Back in 2016, Payne voted for Trump — but not because he was a Republican. 

“I voted for Trump because I figured a businessman running the government would help. On deals with foreign dignitaries, he can pull through,” he said, adding that Hillary Clinton’s response to the 2012 Benghazi attacks also influenced his vote. 

Payne said he’s reconsidered his vote for the upcoming 2020 election, largely due to Trump’s soft handling of the COVID-19 pandemic. 

On the issues, Payne doesn’t land in camps that have been traditionally occupied by Democrats in recent years; for an example, he’s in support of repealing Referendum Measure No. 90, which was passed as Engrossed Substitute Senate Bill 5395 and would require school districts to adopt or develop a comprehensive sex education curriculum. He’s also against raising taxes this upcoming legislative session. 

At the same time, Payne said he believes Inslee hasn’t gone far enough on mitigating the spread of COVID-19. Inslee, he said, should have enacted a rent freeze during the pandemic, ceased all foreclosures on mortgages, and placed a moratorium on debt collections during the pandemic. 

Despite Payne’s victory in a reliably-red district in the primary, some are scratching their heads at his campaign and candidacy.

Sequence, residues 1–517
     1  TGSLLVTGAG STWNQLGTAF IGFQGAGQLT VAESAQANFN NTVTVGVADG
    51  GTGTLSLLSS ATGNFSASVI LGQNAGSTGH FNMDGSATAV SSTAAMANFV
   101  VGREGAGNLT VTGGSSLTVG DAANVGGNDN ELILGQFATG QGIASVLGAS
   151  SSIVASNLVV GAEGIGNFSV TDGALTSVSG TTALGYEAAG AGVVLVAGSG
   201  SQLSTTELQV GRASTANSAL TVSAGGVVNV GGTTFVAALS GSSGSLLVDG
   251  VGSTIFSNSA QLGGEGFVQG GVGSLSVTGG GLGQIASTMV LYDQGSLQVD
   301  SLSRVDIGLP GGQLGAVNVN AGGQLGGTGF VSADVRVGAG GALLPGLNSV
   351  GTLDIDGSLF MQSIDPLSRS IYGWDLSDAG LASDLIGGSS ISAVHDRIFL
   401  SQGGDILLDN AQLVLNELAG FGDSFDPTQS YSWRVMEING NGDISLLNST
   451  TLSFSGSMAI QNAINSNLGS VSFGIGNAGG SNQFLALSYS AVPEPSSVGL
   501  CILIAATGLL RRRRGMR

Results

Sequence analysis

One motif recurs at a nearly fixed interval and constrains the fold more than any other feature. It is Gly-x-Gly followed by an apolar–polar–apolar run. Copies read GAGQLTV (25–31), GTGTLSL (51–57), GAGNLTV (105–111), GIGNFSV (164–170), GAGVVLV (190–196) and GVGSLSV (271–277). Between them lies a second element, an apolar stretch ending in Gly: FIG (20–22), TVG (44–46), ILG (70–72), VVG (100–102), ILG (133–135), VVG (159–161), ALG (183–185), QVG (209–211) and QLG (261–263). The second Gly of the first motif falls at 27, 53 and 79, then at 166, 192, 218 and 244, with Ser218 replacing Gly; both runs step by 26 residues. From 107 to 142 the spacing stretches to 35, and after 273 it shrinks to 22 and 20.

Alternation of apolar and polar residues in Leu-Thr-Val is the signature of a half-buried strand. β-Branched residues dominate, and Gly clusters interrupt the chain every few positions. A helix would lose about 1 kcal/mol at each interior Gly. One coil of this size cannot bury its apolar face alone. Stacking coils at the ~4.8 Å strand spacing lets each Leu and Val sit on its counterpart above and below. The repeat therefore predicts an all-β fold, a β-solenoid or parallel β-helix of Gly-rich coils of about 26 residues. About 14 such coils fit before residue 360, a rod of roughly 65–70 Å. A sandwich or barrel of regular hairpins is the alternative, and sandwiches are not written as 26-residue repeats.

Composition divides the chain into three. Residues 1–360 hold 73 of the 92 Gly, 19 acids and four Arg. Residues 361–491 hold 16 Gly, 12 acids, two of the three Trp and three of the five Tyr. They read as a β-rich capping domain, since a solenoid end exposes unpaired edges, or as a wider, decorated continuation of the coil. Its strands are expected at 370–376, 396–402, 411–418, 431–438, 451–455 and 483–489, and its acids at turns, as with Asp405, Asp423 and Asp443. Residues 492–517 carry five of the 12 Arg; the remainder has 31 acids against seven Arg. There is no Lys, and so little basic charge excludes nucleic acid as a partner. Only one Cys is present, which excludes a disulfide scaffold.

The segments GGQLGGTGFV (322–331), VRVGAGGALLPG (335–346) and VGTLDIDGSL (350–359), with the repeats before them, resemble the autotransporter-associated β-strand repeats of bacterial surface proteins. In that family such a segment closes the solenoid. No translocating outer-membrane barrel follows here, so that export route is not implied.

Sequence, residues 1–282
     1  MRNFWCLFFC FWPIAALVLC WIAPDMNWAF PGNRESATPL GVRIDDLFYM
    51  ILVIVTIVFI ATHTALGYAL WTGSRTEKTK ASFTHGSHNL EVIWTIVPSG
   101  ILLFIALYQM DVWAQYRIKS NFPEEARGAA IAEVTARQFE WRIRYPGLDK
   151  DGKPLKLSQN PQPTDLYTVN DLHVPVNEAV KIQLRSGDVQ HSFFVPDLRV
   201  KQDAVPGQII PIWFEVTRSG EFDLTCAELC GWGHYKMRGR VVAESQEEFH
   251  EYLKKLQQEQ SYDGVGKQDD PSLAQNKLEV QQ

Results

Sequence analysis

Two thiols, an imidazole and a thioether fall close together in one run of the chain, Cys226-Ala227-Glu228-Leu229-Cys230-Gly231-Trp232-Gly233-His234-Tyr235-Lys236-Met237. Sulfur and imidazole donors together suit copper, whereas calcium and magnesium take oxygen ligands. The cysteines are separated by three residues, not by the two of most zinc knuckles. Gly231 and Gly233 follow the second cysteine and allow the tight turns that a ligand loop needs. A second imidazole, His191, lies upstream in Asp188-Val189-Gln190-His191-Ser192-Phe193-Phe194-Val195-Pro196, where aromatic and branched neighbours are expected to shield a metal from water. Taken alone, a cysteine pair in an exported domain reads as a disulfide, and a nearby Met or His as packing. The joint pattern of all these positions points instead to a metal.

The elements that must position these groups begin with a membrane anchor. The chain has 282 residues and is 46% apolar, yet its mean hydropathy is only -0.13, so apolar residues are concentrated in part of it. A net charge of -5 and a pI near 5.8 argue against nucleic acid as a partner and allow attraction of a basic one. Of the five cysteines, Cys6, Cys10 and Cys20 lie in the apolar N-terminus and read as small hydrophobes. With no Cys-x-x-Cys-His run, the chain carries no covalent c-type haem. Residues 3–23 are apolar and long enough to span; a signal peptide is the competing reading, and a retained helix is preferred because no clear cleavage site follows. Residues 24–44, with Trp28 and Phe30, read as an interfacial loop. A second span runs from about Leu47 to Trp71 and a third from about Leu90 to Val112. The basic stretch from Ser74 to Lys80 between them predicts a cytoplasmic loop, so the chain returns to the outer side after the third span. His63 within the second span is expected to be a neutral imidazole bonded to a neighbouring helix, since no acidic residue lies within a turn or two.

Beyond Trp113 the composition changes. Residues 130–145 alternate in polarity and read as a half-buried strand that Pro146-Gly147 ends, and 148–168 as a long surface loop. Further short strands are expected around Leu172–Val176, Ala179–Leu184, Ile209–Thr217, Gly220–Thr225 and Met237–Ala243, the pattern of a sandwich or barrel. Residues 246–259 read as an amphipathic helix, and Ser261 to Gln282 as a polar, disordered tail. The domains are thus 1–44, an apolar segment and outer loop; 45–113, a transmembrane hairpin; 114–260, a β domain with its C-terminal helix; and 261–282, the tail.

Dave Little, chair of the 2nd Legislative District Democrats, said his organization decided not to go through with a political endorsement of Payne due to a number of Facebook posts their party found questionable.  

Little said they found posts on Payne’s profile that they considered anti-immigrant and sexist, as well as posts he said were unfoundedly critical of the party’s presidential ticket. One post, Little said, also reflected support for President Donald Trump. 

“We didn’t feel he was a ‘true blue’ kind of guy,” Little said. “We felt like we really didn’t want to go forward with this, especially for someone who is unable to stay in communication.” 

Little added that just because a candidate says they’re a Democrat on the ballot doesn’t mean that the party has backed that person. 

The 2nd Legislative District Dems have already posted endorsements for most party affiliates running in local races, including Veronica Whitcher-Rockett in the 2nd LD Position 2 race and Michael Steadman in the Thurston County Commissioners District 2 race. 

“It’s a mystery. He’s kind of a quandary,” said Leeroy Perkins, a precinct committee officer and the 2nd Legislative District Democrats’s state committeeman. 

Perkins said Payne only showed up to one meeting since the start of the campaign season. His lack of communication with the party, tied with his low fundraising numbers, has left Perkins skeptical of his status as a candidate (Payne’s campaign has opted out of regular reporting, instead opting for the “mini-reporting” option, according to the Public Disclosure Commission). 

“I’m starting to wonder if he doesn’t just like seeing his name in the voters pamphlets,” he said. “He’s shown no interest really in talking to us, or asking for our help, or anything really.” 

Of Facebook posts that might miconstrew his position with the party, Payne said he’s been a long time Democrat in the area and that his record within the party stands for itself. His family is very politically mixed, he said, and so sometimes he’ll share posts that give the impression he’s not a Democrat.